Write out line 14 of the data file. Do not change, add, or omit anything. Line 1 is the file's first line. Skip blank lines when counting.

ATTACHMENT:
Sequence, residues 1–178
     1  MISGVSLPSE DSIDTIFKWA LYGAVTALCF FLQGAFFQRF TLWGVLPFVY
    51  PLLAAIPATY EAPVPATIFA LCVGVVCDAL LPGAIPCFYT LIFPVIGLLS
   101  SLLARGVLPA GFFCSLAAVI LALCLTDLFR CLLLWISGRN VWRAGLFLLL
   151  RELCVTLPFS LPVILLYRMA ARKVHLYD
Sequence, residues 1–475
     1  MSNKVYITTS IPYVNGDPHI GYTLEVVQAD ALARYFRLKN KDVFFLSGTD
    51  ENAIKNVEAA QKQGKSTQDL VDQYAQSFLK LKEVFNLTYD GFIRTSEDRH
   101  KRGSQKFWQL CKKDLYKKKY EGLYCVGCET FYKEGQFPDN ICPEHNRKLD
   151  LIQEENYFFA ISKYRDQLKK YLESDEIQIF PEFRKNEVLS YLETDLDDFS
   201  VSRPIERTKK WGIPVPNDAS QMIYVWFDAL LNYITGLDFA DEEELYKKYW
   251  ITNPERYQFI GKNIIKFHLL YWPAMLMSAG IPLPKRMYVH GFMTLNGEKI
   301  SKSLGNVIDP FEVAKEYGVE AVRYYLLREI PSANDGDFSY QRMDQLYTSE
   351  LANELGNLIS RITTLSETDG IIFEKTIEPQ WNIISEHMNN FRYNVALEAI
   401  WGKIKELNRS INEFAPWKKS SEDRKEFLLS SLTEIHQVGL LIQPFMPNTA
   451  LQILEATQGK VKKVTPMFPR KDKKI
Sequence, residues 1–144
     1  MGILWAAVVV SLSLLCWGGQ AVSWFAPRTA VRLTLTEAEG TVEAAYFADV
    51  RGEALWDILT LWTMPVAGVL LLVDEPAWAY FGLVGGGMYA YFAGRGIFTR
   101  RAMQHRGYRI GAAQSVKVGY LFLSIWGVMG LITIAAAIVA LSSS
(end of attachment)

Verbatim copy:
   351  LANELGNLIS RITTLSETDG IIFEKTIEPQ WNIISEHMNN FRYNVALEAI